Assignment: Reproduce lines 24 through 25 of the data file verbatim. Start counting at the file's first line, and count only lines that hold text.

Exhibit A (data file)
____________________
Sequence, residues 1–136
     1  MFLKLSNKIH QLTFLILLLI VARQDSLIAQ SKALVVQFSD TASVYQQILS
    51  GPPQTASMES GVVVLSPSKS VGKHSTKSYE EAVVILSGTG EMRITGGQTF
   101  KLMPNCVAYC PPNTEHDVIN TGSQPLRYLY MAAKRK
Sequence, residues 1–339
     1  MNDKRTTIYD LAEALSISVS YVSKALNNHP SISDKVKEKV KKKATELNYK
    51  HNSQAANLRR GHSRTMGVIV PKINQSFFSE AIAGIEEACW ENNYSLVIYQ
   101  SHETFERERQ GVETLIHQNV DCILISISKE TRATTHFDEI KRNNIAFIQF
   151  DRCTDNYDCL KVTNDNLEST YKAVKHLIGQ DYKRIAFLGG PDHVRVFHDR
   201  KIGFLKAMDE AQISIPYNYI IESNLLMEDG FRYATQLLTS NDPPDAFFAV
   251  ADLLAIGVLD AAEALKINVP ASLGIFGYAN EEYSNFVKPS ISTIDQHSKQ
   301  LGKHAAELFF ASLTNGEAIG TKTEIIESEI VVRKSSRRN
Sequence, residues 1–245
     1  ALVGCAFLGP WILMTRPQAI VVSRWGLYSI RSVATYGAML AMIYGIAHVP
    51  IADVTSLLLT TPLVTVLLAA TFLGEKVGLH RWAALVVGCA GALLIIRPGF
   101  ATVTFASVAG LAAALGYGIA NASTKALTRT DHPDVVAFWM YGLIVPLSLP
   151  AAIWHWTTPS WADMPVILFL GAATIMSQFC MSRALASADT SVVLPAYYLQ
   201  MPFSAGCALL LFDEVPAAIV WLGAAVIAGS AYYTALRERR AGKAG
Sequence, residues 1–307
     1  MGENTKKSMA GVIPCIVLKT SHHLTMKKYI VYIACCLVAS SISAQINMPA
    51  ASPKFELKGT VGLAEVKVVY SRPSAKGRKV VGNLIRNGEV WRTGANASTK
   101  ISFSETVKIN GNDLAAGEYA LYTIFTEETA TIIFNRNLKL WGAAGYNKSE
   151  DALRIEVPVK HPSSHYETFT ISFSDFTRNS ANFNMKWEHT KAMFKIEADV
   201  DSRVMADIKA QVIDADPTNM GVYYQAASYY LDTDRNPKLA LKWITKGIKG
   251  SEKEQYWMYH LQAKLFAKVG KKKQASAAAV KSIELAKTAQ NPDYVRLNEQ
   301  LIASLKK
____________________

   201  DSRVMADIKA QVIDADPTNM GVYYQAASYY LDTDRNPKLA LKWITKGIKG
   251  SEKEQYWMYH LQAKLFAKVG KKKQASAAAV KSIELAKTAQ NPDYVRLNEQ